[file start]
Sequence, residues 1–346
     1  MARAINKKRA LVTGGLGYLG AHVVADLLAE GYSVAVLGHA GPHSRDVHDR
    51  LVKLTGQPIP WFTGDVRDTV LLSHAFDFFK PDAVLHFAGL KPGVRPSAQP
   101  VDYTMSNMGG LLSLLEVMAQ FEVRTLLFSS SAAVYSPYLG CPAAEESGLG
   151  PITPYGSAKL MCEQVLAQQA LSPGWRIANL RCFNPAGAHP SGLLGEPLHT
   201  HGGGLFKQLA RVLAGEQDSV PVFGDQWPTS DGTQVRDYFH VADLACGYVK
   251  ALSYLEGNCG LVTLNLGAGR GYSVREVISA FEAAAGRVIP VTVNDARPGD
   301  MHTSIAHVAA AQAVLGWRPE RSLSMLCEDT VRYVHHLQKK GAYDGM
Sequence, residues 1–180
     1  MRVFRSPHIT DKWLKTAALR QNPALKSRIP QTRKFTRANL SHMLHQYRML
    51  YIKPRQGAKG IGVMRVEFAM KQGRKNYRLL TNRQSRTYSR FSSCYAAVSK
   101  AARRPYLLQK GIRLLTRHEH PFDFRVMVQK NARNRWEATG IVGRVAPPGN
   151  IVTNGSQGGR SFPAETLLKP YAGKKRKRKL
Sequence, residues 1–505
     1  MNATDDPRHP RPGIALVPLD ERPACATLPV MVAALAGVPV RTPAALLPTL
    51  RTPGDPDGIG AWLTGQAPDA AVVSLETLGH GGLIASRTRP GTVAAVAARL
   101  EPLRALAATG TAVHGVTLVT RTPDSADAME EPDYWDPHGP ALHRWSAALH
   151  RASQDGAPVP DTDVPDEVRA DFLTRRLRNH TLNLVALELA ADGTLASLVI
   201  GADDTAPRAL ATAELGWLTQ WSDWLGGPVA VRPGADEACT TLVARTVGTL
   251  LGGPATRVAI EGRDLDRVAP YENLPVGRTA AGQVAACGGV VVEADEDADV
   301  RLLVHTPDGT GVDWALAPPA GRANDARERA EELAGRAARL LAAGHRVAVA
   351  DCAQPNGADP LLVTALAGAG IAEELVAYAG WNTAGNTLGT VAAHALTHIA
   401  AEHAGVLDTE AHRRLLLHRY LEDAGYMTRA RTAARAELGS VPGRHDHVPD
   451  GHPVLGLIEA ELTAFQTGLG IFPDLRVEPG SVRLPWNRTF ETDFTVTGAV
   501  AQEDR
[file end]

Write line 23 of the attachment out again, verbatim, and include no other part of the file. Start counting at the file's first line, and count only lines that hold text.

   401  AEHAGVLDTE AHRRLLLHRY LEDAGYMTRA RTAARAELGS VPGRHDHVPD